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Decision 089/2018: Mr W and Scottish Borders Council

Planning and building warrant information

Reference No: 201800388
Decision Date: 21 June 2018

Summary

The Council was asked for information relating to specific planning and building warrant applications. The Council disclosed information.

The Commissioner was asked to investigate whether the Council had provided all of the information it held falling within the scope of the requests. Following an investigation, the Commissioner was satisfied that it had.

Relevant statutory provisions

The Environmental Information (Scotland) Regulations 2004 (the EIRs) regulations 2(1) (paragraphs (a) and (c) of definition of "environmental information") (Interpretation); 5(1) (Duty to make available environmental information on request)

The full text of each of the statutory provisions cited above is reproduced in Appendix 1 to this decision. The Appendix forms part of this decision.

Background

1. On 8 August 2017, Mr W made two requests for information to Scottish Borders Council (the Council). The information requested was:

a) "…all correspondence and communication [in relation to planning application 10/00067/FUL] not shown on the Scottish Borders Council Planning portal here: https://eplanning.scotborders.gov.uk/online-applications/applicationDetails.do?activeTab=summary&keyVal=KWSX1FNT02Q00"

b) "…all correspondence/communications related to Building Warrant applications Ref. No: 15/01479/EREDWG and Ref. No: 17/00721/EREDWG. Particularly any correspondence/communication not shown on the SBC Planning/building public access portal."

2. The Council responded to request a) on 25 August 2017. It provided Mr W with information, which had personal data redacted in terms of regulation 11(2) of the EIRs.

3. On 25 August 2017, Mr W wrote to the Council, requesting a review of its decision in respect of this request. He believed further information should be held. He did not question the redaction of personal data.

4. The Council responded to request b) on 24 August 2017. It provided Mr W with information, which again had personal data redacted in terms of regulation 11(2) of the EIRs.

5. On 29 August 2017, Mr W wrote to the Council requesting a review of its decision in respect of this request. He believed further information should be held. Again, he did not question the redaction of personal data.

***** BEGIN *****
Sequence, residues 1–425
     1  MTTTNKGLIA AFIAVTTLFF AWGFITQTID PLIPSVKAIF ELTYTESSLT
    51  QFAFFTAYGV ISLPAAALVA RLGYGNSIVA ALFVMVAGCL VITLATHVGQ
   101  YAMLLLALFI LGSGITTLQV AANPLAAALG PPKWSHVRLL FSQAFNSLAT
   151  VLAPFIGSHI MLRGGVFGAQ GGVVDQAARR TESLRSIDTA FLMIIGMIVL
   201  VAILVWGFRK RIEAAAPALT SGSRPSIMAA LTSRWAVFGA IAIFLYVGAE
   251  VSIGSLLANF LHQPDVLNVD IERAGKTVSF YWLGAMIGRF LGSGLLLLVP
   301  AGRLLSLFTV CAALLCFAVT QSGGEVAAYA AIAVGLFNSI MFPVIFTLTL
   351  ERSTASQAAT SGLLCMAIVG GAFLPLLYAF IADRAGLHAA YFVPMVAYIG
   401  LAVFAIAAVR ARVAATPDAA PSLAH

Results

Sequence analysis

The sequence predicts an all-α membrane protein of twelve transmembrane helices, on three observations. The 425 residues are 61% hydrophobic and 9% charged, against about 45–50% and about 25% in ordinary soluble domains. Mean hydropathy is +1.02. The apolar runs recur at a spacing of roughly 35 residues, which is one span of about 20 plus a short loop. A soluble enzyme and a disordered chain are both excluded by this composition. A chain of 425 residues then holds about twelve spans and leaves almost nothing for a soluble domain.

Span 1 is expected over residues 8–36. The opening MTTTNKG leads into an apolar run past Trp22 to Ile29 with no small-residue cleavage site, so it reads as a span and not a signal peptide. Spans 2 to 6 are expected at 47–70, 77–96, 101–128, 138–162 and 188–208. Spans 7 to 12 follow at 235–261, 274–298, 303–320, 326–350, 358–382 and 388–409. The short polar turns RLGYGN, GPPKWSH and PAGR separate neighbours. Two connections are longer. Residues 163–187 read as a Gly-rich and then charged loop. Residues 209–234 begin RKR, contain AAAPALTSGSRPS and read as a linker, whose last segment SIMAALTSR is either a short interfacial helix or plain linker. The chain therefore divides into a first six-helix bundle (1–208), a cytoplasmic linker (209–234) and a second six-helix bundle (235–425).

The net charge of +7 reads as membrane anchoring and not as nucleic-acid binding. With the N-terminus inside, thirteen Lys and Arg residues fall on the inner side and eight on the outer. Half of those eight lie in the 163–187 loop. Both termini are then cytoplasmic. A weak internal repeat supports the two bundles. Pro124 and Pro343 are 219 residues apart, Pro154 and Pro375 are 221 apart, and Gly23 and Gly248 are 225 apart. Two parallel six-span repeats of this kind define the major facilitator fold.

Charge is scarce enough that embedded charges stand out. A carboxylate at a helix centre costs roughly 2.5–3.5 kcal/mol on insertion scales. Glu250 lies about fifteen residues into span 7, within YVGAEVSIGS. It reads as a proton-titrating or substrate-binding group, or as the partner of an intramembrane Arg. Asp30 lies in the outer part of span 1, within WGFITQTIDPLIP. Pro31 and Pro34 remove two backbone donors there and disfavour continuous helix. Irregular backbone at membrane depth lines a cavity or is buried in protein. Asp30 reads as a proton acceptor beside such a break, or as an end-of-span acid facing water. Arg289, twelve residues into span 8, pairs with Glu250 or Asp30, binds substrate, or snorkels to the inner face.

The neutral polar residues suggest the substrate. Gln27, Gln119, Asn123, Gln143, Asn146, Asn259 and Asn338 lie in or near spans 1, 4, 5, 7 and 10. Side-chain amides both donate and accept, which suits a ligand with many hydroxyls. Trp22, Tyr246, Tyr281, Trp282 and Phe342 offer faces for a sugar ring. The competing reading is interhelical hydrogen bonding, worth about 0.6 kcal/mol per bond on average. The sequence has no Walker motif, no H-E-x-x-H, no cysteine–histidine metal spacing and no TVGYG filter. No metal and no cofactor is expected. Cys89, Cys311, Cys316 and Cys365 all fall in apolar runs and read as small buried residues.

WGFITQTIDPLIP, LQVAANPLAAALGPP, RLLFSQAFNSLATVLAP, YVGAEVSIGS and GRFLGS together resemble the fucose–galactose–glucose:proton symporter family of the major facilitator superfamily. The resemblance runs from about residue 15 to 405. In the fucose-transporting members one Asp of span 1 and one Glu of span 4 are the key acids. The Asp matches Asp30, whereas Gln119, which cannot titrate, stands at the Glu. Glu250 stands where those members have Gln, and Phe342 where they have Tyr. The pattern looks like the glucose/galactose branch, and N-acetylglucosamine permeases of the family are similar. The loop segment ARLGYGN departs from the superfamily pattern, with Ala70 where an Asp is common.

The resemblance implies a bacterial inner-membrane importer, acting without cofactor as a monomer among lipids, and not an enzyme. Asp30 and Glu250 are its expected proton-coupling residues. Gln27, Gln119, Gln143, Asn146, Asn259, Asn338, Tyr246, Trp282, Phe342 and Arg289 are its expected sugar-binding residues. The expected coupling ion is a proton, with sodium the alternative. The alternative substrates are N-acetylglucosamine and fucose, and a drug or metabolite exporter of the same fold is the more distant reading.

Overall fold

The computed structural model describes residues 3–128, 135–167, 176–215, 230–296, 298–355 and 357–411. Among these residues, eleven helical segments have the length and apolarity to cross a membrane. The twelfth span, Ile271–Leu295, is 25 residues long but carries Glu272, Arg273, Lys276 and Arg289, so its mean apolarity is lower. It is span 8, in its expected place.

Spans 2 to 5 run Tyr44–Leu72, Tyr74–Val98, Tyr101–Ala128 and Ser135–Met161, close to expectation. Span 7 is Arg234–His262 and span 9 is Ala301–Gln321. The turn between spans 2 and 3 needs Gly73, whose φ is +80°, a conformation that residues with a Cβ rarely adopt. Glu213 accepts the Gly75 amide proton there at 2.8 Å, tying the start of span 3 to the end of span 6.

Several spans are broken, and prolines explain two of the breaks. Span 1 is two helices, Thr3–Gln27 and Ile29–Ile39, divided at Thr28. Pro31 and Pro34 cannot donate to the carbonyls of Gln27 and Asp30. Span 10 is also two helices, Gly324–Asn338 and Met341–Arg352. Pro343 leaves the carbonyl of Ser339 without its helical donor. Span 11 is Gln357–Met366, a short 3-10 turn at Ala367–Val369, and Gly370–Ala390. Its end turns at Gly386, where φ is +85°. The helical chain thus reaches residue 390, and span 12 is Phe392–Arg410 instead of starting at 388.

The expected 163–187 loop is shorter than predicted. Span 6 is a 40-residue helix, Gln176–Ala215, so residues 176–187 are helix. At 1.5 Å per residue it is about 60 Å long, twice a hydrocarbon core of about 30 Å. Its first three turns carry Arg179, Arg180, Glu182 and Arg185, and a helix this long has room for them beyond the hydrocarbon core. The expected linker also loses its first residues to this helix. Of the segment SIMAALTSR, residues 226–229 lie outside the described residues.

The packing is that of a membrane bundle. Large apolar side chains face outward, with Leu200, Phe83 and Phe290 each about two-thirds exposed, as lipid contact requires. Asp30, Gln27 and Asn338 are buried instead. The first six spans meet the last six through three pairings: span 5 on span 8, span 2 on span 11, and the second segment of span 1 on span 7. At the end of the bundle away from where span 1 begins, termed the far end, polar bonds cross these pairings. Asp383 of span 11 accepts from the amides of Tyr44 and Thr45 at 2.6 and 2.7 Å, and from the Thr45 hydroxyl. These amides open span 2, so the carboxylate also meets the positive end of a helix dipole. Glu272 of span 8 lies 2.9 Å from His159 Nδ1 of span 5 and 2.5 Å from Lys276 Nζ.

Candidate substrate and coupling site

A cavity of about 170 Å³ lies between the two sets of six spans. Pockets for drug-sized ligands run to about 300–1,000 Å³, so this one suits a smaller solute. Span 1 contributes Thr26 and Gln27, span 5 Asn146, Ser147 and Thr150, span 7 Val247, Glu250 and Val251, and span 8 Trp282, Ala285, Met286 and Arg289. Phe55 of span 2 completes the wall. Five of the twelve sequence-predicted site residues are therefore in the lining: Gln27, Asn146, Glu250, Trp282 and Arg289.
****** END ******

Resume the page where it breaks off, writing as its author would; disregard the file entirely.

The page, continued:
6. The Council notified Mr W of the outcome of its review for both of the above responses on 18 September 2017. In relation to request a), it provided one additional document it had identified. In relation to request b), the Council confirmed that it had provided all of the information that it held.

7. On 27 February 2018, Mr W wrote to the Commissioner's office. He applied to the Commissioner for a decision in terms of section 47(1) of the Freedom of Information (Scotland) Act 2002 (FOISA). By virtue of regulation 17 of the EIRs, Part 4 of FOISA applies to the enforcement of the EIRs as it applies to the enforcement of FOISA, subject to specified modifications. Mr W stated he was dissatisfied with the outcome of Council's review because he believed further information should be held. Mr W provided his reasons, noting apparent omissions from the files in question and in particular drawing attention to information he believed to be missing from an email exchange dated 16 August 2017.

Investigation

8. The application was accepted as valid. The Commissioner confirmed that Mr W made requests for information to a Scottish public authority and asked the authority to review its responses to those requests before applying to him for a decision.

9. On 27 March 2018, the Council was notified in writing that Mr W had made a valid application. The case was allocated to an investigating officer.

10. Section 49(3)(a) of FOISA requires the Commissioner to give public authorities an opportunity to provide comments on an application. The Council was invited to comment on this application and answer specific questions, in particular to explain the steps it had taken to identify and locate the information requested.

11. The Council responded, providing submissions to the effect that the requests fell to be dealt with in terms of the EIRs and, as a result, applying the exemption in section 39(2) of FOISA. It also provided submissions to support its position that, other than the information it had provided to Mr W already, it did not hold any information falling within the scope of his requests.

Commissioner's analysis and findings

12. In coming to a decision on this matter, the Commissioner considered all of the relevant submissions, or parts of submissions, made to him by both Mr W and the Council. He is satisfied that no matter of relevance has been overlooked.

Application of the EIRs